The “one brief shining moment” in this production is David Pittsinger, whose stunning singing and acting throughout the performance as King Arthur is alone worth the price of admission.
Pittsinger, who from my seat in the theater looked curiously like political humorist Bill Maher, sang beautifully and carried himself well onstage — capturing the attention of the listener at all times. His crisp speaking voice spread his lines across the theater with ease and grace, while his clean diction obviated the need for supertitles (which in this production accompanied the singing but not the dialogue).
Pittsinger’s full-strength bass-baritone and strong delivery, which at times overshadowed the other singers, was apparent from his opening number, I Wonder What the King is Doing Tonight, and his signature tune, Camelot. Even his whistling (during the charming duo with the Queen, What Do the Simple Folk Do?) projected well. The tender side of King Arthur’s character came out, loud and clear, in Pittsinger’s earnest and sensitive delivery of How to Handle a Woman, as the confused King seeks guidance and wisdom in dealing with his beloved Guenevere.
As an actor, Pittsinger captured the essence of Arthur as a well-meaning King seeking to make sense of the world and trying to do the right thing at any cost — even if that means watching Guenevere slowly slip away into the arms of Lancelot. He forged a character whose ultimate decision to forgive the two greatest loves in his life (Guenevere and Lancelot) we may respect or reject. Either way, Pittsinger’s Arthur is a flesh-and-blood character with whom we can empathize.
As Guenevere, Canadian soprano Andriana Chuchman has the looks to sustain the love triangle drama throughout the lengthy production, and her handsome voice — while by no means large — made for a pleasant listening experience during her principal numbers.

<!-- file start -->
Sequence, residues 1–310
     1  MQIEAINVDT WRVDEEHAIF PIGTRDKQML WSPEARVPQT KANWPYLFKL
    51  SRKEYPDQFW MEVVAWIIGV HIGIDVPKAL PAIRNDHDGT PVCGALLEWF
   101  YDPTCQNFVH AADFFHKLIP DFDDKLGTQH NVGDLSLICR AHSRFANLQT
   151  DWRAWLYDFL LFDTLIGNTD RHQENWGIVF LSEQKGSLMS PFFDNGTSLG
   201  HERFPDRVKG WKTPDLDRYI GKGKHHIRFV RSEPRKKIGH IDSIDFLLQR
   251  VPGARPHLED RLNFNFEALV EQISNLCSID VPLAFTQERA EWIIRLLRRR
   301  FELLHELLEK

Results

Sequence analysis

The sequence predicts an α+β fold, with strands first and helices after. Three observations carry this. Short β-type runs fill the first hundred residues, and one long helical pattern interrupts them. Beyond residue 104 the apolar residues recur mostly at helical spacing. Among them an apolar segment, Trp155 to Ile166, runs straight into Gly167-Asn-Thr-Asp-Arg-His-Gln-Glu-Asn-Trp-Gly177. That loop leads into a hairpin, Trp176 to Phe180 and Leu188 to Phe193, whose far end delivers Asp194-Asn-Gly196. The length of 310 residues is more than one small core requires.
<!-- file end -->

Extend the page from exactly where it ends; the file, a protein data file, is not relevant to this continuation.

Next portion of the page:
Chuchman’s opening song, The Simple Joys of Maidenhood, set the bar high for those that followed — culminating in what I thought her best effort of the show: the sweetly expressive Before I Gaze at You Again at the end of Act 1. Unlike Pittsinger, however, Chuchman could never quite abandon her trained operatic voice for something better suited to musical theater. And the mellowness of her speaking voice made me wish that supertitles had been used for more than just the singing.
Next to Pittsinger, the most commanding performance of the evening came from Jack Noseworthy — a first-rate actor whose suave and calculating presence as Arthur’s nefarious illegitimate son, Mordred, was unforgettable.
L to R: David Pittsinger as King Arthur, Andriana Chuchman as Guenevere, Wynn Harmon as Pellinore, Clay Hilley as Dinaden, Wayne Hu as Sir Sagramore, Nathan Gunn as Sir Lancelot and Noel Bouley as Sir Lionel
Noseworthy’s high-pitched tenor projected exceptionally well, and his diction was beyond reproach. (He sounded the most “British” of the cast.) Like Roddy McDowall in the original Broadway production, Noseworthy spoke his melodic lines during The Seen Deadly Virtues, shifting to pitches when singing along with the knights in Fie on Goodness. But whether singing or speaking, Noseworthy maintained an imposing presence befitting his role as the show’s only true villain — staying in character even as the audience began hissing him, if only affectionately, at the curtain calls.
Nathan Gunn started off with a bang, using his handsome baritone to capture the moment in his opening song, C’est Moi, where he defines his character as the cocky, self-centered would-be knight to Arthur’s newly created Round Table. But Gunn never again sounded this good during the remainder of the show, and his signature song, If Ever I Would Leave You, sounded shaky and rushed, as well as lacking in any meaningful degree of expression.